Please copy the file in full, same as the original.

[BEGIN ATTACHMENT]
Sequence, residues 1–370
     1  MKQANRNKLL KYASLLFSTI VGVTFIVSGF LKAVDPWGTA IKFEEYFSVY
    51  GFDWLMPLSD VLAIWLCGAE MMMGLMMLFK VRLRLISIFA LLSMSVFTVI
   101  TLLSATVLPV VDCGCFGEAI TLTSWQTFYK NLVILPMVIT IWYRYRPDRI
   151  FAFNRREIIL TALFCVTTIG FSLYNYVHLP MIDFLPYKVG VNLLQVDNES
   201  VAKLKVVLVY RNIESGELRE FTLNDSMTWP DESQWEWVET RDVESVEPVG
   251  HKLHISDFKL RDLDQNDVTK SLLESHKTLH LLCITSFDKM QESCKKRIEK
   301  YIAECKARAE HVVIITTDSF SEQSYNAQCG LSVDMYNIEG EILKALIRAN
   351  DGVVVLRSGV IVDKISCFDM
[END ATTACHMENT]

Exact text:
Sequence, residues 1–370
     1  MKQANRNKLL KYASLLFSTI VGVTFIVSGF LKAVDPWGTA IKFEEYFSVY
    51  GFDWLMPLSD VLAIWLCGAE MMMGLMMLFK VRLRLISIFA LLSMSVFTVI
   101  TLLSATVLPV VDCGCFGEAI TLTSWQTFYK NLVILPMVIT IWYRYRPDRI
   151  FAFNRREIIL TALFCVTTIG FSLYNYVHLP MIDFLPYKVG VNLLQVDNES
   201  VAKLKVVLVY RNIESGELRE FTLNDSMTWP DESQWEWVET RDVESVEPVG
   251  HKLHISDFKL RDLDQNDVTK SLLESHKTLH LLCITSFDKM QESCKKRIEK
   301  YIAECKARAE HVVIITTDSF SEQSYNAQCG LSVDMYNIEG EILKALIRAN
   351  DGVVVLRSGV IVDKISCFDM